The deployment of the new Edge browser based on Chromium, which has started, will take some time. Consumer users won’t be able to block the update, but if they switch to a different browser, Microsoft will respect their choice.
As Microsoft said yesterday, even though the rollout of its new Chromium-based Edge browser has just started, the process will take several months to roll out to all PCs. In a blog post posted Wednesday, the company said the rollout would be “measured” and that it will take several months before it is fully completed. In practice, if you are using the stable version of Windows, you will be served halfway through the deployment. Indeed, Microsoft will first deliver Edge under Chromium to a few Windows Insiders users via the Release Preview channel. “Other devices will then be eligible based on the quality of experience and feedback from those early adopters,” Microsoft said. “However, if you don’t want to wait, you can download the new Edge now at Microsoft.com/Edge,” the company added. The stable version of the latest browser is called Edge 79.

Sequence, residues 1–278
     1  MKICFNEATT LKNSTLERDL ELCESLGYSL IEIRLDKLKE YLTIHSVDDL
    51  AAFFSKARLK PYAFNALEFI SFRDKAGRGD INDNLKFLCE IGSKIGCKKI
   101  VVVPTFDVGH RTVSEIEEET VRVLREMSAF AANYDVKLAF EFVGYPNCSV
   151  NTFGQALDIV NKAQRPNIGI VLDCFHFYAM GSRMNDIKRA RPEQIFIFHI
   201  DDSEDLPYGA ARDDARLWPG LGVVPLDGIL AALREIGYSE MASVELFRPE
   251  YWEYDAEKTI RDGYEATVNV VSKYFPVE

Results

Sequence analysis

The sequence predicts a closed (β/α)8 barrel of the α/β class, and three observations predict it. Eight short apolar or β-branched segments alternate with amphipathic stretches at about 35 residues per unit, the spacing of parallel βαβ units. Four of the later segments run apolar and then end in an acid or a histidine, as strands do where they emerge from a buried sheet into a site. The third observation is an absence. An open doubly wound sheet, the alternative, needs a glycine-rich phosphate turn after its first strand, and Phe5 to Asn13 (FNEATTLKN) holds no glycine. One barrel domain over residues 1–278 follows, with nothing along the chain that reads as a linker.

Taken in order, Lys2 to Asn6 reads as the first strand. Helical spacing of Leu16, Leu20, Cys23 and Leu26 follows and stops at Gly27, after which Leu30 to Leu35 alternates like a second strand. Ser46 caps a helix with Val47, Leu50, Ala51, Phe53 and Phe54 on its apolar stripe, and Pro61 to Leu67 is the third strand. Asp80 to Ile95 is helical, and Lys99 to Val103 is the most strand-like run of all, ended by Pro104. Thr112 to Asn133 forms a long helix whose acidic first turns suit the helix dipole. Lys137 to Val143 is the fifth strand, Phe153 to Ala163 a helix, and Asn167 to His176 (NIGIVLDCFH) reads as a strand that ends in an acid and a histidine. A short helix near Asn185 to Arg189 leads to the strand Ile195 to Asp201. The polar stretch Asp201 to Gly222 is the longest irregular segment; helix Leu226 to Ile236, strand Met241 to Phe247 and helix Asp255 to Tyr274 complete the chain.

The announcement of the abandonment of the old version of Edge in favor of an Edge based on the engine of Google’s open source Chromium browser, replacing EdgeHTML, was made last year. It just means that Edge is built on a Google Chrome-like basis. A change of logo will distinguish the “new Edge”, as Microsoft calls it, from the old Edge. Incidentally, Microsoft renamed the old version Microsoft Edge Legacy. Yesterday, the publisher said it will try to make the transition process as transparent as possible. In particular, favorites, passwords and basic parameters will be carried over from one browser to another.
More flexibility and openness to extensions for Chrome
General public users will not be able to block the update, unlike businesses which will have the option of keeping the old Edge. The browser for Enterprise and Education users will also not update automatically. If you are not using Microsoft’s browser, Microsoft will inform you that your browser preferences will not be carried over to Edge. Microsoft plans to ship future versions of Edge every six weeks or so.
When testing Edge on Chromium, our colleagues at PCWorld found the browser to be robust, although a bit bland. Some features of the late beta that they got in their hands were not yet working and others could use some improvement, they said. The advantage of the Chromium base is that it allows Edge to access both Microsoft’s list of plugins and the rich library of extensions from Google’s Chrome Web Store, offering the browser much more. flexibility than the old version.